August 20, 2022•716 words
One of my earlier bosses told me to "filter out my thoughts", after I had sent him a very long text, observing an issue I noticed in our day-to-day, in an Asana comment. He said it's not fair to the reader to post such long-winded comments, so I should contain my stream of thoughts, as to achieve a more efficient result in reaching him. I had an issue with that because I don’t assume that things typed that turn out to be lengthy mean that I had an intent on wasting someone’s time.
Recently, I talked to a friend about dating and how the relationships we have make a lasting impact on us. She is one of those people who gets attached too quickly to someone new after a breakup. It turns out she never learned to be on her own. She never had a chance to recover from someone, after they had broken up, due to her conditioned belief that someone always has to be there. The addiction to depend on someone can be detrimental when coupled with strong trauma coming from feelings of abandonment. I understand liking the beginnings of things and disliking them ending.
However, loneliness is mandatory in order to really get over someone. A human needs to process that someone who they've been spending their days with is no longer there. The messages you used to receive are now either rare or non-existent. The little things they did that brought you joy or annoyance are no longer there to influence your mood. All those lists you've made that you were supposed to do together are going to have to stay unchecked. Getting over that takes a while. And the people that move from relationship to relationship do not stand a chance processing those feelings because they seek out a new connection as a form of escapism.
Not that I'm judging. Recreational drugs, the dopamine boosts from cheap entertainment and going into the comfort zone of rewatching True Detective for the tenth time in a two-year span. Not exactly a recipe for mindfulness, or for those who dislike that word - being present.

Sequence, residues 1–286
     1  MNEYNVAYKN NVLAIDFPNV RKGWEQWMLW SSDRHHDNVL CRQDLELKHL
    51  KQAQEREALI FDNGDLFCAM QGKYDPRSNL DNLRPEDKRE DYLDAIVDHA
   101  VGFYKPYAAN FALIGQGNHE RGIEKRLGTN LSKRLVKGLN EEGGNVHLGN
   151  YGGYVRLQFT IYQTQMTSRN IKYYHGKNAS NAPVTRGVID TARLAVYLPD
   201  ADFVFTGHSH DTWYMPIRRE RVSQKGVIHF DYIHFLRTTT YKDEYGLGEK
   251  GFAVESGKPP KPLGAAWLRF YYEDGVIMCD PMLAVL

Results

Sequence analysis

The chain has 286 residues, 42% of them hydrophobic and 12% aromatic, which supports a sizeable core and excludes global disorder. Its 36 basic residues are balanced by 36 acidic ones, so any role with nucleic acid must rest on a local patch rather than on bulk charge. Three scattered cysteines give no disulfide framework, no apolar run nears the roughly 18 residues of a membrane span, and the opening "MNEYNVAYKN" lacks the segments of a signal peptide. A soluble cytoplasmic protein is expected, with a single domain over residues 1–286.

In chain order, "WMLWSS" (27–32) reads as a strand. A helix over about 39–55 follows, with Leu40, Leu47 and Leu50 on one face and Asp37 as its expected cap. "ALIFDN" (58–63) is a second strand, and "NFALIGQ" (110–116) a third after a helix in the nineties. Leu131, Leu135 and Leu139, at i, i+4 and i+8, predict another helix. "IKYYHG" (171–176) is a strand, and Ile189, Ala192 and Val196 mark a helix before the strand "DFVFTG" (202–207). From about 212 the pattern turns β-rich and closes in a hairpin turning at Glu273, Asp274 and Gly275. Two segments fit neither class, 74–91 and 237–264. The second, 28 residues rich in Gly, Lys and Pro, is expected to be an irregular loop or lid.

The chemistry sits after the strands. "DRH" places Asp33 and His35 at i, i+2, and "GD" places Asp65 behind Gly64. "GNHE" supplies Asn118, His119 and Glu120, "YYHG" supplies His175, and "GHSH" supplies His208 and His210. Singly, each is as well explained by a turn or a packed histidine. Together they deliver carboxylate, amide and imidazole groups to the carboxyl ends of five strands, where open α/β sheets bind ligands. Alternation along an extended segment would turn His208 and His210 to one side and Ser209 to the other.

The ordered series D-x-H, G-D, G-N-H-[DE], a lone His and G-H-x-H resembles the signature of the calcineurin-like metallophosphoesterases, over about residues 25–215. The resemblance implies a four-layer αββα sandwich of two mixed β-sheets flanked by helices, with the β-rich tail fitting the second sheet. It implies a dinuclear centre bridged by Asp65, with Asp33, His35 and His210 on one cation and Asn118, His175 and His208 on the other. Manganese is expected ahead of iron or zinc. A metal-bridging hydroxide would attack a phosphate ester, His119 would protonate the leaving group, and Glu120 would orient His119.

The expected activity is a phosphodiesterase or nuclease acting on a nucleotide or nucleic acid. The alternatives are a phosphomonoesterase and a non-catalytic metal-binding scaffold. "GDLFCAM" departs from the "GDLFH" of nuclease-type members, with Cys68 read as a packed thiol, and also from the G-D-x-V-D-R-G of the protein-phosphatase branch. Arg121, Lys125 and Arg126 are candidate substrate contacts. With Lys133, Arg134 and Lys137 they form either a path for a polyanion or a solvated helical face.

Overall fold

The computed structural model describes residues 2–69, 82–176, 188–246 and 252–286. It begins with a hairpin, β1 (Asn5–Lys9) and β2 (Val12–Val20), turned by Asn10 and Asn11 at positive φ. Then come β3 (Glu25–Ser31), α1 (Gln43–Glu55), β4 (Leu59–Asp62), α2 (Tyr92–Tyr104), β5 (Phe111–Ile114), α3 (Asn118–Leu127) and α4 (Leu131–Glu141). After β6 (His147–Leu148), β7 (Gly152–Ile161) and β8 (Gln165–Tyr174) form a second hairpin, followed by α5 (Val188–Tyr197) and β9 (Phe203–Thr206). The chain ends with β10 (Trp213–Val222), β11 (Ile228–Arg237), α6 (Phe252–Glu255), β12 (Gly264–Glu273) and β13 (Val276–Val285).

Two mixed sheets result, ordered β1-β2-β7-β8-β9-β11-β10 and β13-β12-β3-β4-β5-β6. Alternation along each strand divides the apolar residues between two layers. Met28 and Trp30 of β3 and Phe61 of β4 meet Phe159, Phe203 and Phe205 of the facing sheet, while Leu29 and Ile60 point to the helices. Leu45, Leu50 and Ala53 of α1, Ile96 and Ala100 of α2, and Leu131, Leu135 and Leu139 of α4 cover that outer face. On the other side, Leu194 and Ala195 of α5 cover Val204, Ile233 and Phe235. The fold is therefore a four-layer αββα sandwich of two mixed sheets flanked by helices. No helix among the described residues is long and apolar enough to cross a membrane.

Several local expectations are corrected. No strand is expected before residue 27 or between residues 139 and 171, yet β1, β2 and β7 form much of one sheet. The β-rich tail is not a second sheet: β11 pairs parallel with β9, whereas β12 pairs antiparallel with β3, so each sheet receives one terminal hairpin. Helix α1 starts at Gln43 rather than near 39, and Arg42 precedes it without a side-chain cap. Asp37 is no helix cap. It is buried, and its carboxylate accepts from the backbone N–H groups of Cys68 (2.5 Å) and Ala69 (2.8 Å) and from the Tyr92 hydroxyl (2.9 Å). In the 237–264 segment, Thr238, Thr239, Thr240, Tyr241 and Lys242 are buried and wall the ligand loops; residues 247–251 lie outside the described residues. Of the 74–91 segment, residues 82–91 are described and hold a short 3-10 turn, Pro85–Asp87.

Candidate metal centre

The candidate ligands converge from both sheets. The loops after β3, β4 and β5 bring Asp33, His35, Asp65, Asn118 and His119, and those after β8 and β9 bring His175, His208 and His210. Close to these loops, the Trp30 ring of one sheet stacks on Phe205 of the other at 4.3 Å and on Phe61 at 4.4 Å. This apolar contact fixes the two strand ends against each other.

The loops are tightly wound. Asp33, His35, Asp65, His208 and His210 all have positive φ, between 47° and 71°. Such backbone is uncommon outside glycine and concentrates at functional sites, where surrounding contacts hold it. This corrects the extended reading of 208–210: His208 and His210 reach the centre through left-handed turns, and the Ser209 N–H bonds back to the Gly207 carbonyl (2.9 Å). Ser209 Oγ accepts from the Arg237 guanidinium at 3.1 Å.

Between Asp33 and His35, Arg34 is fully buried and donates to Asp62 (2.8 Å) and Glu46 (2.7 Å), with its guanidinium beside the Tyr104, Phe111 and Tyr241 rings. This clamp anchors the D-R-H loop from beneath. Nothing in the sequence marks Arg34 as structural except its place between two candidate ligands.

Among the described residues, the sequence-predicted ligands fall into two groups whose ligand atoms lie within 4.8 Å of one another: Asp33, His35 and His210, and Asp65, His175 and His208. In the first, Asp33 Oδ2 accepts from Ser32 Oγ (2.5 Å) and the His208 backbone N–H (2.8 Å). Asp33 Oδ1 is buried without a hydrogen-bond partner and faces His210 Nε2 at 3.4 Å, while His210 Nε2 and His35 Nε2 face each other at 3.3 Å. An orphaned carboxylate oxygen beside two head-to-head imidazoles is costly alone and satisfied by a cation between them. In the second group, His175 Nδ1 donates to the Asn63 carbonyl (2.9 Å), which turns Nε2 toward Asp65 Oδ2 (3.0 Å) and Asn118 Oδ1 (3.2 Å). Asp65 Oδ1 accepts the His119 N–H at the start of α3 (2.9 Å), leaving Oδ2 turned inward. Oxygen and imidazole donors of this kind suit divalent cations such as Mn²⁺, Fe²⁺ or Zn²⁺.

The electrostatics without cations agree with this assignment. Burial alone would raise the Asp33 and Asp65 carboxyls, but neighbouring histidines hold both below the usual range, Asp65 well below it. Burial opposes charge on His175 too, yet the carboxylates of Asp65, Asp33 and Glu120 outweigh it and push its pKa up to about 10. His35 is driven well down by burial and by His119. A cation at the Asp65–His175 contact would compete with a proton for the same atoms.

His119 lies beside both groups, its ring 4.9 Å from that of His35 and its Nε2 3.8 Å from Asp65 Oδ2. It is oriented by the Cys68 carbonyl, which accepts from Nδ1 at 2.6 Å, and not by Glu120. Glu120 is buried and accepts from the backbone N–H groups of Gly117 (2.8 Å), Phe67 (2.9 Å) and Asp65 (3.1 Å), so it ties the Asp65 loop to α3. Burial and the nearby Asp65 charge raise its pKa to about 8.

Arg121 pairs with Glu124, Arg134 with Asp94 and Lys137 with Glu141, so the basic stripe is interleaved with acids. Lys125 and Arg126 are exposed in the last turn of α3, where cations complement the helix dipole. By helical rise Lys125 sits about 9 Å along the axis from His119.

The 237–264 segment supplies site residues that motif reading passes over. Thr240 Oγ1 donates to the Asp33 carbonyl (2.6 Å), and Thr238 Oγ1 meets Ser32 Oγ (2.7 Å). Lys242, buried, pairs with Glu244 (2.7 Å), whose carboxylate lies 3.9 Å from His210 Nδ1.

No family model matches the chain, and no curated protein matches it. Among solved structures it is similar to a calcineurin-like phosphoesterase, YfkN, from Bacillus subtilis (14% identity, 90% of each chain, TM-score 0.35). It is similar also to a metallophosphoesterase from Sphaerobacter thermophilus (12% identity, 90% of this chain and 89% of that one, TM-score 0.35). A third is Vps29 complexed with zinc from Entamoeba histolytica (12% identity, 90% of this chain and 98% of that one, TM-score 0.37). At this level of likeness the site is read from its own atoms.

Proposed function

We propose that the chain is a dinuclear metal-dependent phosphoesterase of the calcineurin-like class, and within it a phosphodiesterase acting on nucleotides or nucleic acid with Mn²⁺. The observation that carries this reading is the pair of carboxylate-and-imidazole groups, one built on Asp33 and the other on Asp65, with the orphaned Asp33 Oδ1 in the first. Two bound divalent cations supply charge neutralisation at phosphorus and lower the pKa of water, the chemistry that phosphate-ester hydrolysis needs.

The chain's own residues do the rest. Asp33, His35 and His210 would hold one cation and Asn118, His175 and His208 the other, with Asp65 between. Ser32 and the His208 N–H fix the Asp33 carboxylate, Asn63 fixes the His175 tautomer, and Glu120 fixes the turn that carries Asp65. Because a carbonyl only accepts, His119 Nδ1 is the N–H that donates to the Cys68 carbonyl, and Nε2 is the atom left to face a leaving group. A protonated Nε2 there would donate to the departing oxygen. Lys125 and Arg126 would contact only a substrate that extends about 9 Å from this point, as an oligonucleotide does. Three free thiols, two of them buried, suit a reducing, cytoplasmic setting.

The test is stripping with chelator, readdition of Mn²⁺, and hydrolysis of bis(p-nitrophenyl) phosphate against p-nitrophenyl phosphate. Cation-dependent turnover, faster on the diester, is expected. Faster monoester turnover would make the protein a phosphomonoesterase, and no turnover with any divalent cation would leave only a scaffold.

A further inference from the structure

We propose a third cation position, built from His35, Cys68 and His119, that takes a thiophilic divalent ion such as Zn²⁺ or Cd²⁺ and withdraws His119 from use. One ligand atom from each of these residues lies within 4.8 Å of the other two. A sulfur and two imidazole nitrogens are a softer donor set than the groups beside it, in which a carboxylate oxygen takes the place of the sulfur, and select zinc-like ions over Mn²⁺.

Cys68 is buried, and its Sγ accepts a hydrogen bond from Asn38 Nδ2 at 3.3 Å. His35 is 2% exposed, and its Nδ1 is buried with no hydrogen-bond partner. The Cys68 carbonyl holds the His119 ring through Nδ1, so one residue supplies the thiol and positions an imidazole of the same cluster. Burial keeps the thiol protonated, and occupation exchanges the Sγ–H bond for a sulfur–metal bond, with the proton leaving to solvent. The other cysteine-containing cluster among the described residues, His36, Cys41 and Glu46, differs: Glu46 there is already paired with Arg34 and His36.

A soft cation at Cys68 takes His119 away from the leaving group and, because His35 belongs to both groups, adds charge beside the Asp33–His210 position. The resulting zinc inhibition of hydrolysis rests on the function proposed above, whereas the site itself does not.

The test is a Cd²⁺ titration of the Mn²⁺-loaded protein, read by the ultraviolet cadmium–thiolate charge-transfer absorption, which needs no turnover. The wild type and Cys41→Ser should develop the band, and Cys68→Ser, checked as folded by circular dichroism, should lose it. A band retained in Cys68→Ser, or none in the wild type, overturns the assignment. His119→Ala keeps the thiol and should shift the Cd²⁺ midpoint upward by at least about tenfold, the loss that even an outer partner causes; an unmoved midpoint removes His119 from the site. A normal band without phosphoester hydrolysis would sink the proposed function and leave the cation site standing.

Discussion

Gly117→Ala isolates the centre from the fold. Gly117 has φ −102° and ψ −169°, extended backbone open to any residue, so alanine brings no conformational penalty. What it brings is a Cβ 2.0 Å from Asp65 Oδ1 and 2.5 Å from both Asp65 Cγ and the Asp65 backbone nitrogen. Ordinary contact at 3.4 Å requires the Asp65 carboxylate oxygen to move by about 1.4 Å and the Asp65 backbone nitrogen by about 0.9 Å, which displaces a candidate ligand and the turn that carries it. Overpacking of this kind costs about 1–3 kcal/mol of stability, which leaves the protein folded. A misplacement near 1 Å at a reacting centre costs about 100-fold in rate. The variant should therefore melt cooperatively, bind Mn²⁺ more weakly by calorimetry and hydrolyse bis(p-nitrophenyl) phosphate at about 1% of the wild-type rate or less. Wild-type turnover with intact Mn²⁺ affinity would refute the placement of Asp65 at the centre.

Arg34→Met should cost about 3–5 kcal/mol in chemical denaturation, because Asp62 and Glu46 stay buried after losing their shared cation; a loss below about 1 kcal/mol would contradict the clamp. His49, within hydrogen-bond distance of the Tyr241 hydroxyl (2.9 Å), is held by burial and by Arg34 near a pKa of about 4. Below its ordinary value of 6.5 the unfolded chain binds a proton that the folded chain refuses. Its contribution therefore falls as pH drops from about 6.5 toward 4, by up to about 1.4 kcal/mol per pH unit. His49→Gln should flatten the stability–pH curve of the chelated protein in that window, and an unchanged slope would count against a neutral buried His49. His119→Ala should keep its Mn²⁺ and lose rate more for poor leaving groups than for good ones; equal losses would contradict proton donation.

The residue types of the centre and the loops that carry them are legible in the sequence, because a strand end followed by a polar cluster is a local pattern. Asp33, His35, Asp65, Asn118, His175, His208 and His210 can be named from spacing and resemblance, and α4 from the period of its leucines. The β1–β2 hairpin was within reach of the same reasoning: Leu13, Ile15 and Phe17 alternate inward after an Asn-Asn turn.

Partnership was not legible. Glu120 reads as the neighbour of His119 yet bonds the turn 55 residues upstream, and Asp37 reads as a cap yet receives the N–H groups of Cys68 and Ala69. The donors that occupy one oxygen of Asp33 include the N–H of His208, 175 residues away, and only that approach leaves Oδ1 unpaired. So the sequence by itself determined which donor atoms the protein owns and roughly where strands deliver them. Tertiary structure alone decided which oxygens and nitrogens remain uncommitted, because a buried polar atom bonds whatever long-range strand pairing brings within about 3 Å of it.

So, I made a point to be better at processing. To stop is to help myself potentially make another beginning. Only this time, I'll try to stare as well. And let the pain be.
I'll go into coffee shops and ignore other people. My waitress will just be serving me tea or beer. And as soon as she's gone, I'll continue staring. The noise from the other tables will become just the ambient noise of the coffee shop. The iPhone ringtone will flick me back from staring right back into staring again. And once I've realized I've succeeded at stopping distracting myself, I'll admit to myself that staring is pleasant. I might have to put extra effort into not reaching for my phone. It's the napkin for me, please.
I'll take the napkin and I'll write down anything that comes to mind. No filtering. Hell, let's make it a whole napkin... It's just a napkin anyway and I'll keep it to myself. And once I'm done with it, I'll put it in my pocket and forget about it. And when it's time to wash my pants and I'm all alone in my apartment, thinking about something else... I'll reach for that napkin. And on the napkin, I'll read my thoughts from before. They may seem silly, or shameful, or full of regret... And once I've read them, I'll understand that, no matter how the words seem, it's what I had felt at that moment when I sat down to sip my drink.
The waitress didn't exist. The people in the bar didn't exist. My phone never rang and my person didn't call. There's just my boss saying "Filter out those thoughts. It's not fair to the reader.". So, as a reader, I realize "Shit, he's right." And then I'll throw the napkin in the bin.
The sound of the washing machine filling up with water makes me uneasy. Usually, that was her job. But she's no longer there. And now that I'm aware of that, I'll go and wash the dishes. My dog is hungry. It's time for dinner soon.